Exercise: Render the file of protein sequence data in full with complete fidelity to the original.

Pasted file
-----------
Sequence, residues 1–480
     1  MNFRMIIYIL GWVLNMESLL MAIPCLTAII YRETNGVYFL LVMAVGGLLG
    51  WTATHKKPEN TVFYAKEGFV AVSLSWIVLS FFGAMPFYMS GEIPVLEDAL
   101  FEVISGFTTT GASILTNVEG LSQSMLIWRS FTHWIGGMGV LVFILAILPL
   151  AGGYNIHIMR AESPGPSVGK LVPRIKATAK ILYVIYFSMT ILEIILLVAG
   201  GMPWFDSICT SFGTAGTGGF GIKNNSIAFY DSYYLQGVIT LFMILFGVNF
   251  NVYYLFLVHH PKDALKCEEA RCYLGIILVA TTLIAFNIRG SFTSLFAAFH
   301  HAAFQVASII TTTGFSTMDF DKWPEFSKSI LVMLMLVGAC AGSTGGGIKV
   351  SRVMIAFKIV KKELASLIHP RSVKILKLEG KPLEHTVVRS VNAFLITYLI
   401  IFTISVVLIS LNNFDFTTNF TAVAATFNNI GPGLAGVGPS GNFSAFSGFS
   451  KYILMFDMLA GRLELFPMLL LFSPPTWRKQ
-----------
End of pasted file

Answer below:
Sequence, residues 1–480
     1  MNFRMIIYIL GWVLNMESLL MAIPCLTAII YRETNGVYFL LVMAVGGLLG
    51  WTATHKKPEN TVFYAKEGFV AVSLSWIVLS FFGAMPFYMS GEIPVLEDAL
   101  FEVISGFTTT GASILTNVEG LSQSMLIWRS FTHWIGGMGV LVFILAILPL
   151  AGGYNIHIMR AESPGPSVGK LVPRIKATAK ILYVIYFSMT ILEIILLVAG
   201  GMPWFDSICT SFGTAGTGGF GIKNNSIAFY DSYYLQGVIT LFMILFGVNF
   251  NVYYLFLVHH PKDALKCEEA RCYLGIILVA TTLIAFNIRG SFTSLFAAFH
   301  HAAFQVASII TTTGFSTMDF DKWPEFSKSI LVMLMLVGAC AGSTGGGIKV
   351  SRVMIAFKIV KKELASLIHP RSVKILKLEG KPLEHTVVRS VNAFLITYLI
   401  IFTISVVLIS LNNFDFTTNF TAVAATFNNI GPGLAGVGPS GNFSAFSGFS
   451  KYILMFDMLA GRLELFPMLL LFSPPTWRKQ